Getting Familar With Your Chainsaw Sharpening Tools

Posted by Mr. Hachis | On: Dec 03 2012

Your chores around the homestead become far easier when you have a powerful and well maintained chainsaw at your disposal. People attend to the "powerful" part of the equation with a great amount of glee. Probably because it involves going shopping for something expensive. When it comes to maintaining their purchase though, they don't really find nearly as much enthusiasm. Gratefully, with the right chainsaw sharpening tools, this much feared sure does become quite simple.

Now sharpening your chainsaw comes down to three individual steps. You need to use your chainsaw sharpening tools to make sure that all the teeth that do the actual cutting are correctly shaped, you need to adjust the depth gauges correctly (the parts of the chain that make sure that each tooth takes out as much wood as it is supposed to), and you need to make sure that the chain is properly tensioned – with neither too much slack, nor too little.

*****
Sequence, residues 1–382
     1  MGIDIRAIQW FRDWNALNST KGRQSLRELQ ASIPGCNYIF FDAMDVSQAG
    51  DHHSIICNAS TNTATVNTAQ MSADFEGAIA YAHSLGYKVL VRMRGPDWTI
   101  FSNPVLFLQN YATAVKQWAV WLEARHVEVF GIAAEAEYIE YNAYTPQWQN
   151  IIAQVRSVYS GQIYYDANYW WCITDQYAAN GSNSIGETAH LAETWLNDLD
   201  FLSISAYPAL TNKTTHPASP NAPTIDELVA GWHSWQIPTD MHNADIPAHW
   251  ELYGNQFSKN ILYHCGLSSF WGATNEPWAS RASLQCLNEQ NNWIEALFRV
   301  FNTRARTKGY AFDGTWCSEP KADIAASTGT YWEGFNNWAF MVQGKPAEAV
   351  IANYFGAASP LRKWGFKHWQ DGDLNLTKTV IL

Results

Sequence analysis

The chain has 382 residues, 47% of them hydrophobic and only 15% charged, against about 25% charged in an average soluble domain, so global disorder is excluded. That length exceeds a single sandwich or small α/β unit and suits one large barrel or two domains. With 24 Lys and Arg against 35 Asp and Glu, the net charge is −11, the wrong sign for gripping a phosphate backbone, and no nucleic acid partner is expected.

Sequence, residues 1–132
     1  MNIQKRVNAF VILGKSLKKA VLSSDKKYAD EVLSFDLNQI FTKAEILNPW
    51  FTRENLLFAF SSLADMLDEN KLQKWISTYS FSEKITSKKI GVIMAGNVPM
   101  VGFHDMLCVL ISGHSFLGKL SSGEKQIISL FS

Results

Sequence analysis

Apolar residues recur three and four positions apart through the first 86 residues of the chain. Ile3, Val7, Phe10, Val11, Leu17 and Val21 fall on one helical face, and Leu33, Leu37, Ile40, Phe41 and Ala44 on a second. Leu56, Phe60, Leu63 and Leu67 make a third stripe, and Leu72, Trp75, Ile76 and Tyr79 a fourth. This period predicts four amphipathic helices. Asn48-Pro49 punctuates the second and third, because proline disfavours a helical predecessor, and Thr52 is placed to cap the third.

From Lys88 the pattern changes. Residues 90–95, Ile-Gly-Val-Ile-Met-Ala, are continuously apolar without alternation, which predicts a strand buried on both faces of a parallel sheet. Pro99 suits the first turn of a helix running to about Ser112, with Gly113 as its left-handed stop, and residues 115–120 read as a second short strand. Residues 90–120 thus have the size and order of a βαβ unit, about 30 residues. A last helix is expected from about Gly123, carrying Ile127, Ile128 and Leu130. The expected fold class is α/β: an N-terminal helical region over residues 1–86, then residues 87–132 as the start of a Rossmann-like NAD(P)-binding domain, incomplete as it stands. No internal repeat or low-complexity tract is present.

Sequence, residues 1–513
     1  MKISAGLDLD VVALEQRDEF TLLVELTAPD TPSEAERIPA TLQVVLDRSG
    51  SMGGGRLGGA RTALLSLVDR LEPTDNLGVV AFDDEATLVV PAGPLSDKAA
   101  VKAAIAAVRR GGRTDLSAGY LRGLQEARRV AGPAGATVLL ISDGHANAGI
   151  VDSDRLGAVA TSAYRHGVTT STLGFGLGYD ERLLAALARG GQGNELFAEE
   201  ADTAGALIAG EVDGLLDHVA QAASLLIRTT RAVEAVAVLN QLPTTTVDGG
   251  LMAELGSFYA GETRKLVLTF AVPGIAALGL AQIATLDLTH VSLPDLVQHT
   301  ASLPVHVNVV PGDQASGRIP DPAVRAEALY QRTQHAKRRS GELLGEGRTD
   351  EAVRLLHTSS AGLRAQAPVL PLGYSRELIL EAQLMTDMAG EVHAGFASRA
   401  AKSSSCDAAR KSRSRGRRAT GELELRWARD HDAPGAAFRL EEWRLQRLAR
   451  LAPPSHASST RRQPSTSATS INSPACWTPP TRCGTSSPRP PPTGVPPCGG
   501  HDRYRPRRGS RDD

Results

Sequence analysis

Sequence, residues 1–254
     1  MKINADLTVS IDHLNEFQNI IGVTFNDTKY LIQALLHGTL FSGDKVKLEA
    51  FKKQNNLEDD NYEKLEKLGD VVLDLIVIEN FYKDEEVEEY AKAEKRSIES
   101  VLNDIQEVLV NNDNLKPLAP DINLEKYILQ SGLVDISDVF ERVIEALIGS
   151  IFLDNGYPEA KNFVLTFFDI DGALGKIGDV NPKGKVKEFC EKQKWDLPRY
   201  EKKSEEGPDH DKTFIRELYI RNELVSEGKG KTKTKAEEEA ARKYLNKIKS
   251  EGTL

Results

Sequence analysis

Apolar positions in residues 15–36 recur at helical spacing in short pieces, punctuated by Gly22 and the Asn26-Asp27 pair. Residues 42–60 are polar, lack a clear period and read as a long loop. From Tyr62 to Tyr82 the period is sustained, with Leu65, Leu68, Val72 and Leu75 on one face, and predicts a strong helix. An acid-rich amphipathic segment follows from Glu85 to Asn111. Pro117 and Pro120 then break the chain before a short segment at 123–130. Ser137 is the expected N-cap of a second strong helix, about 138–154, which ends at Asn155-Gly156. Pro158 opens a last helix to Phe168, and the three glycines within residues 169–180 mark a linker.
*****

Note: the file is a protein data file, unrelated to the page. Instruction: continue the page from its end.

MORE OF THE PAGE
Now you need to really experience what a properly sharpened chainsaw can do, to really see why the right technique is important. With the right kind of cutting inch, a chainsaw can easily work its way through practically anything.

Many highly trained professionals will simply use a file that they hold in one hand, to work each chainsaw tooth to perfection. If you're just starting out, going freehand like that really will not work. You need a few more chainsaw sharpening tools. To begin with, of course, you'll need a around file, and a filing guide.

To help you know how far you need to go, you need a depth gauge guide and a flat, and, lastly, it wouldn't be a bad idea to get a stump vise.

A filing guide has to be considered one of your most important chainsaw sharpening tools. You clamp it to the chain bar, and it makes sure that your round file doesn't go anywhere it isn't supposed to. For a sharp saw, you absolutely need to make sure that your filing strokes never miss their mark.

And as for the file itself, a round file that fits the filing guide you have is of the utmost importance. Normally, 5-inch round files are exactly the right kind for a job like this.

The depth gauges of your chainsaw are as important as the cutting parts. The depth gauges are the rounded things that are in front of each cutter. These tend not to wear out as quickly as the teeth do. And your job is to make sure that you do wear them out with a file, to make sure that teeeth stay at the right level compared to the cutting teeth. You need to use a guide for this too.

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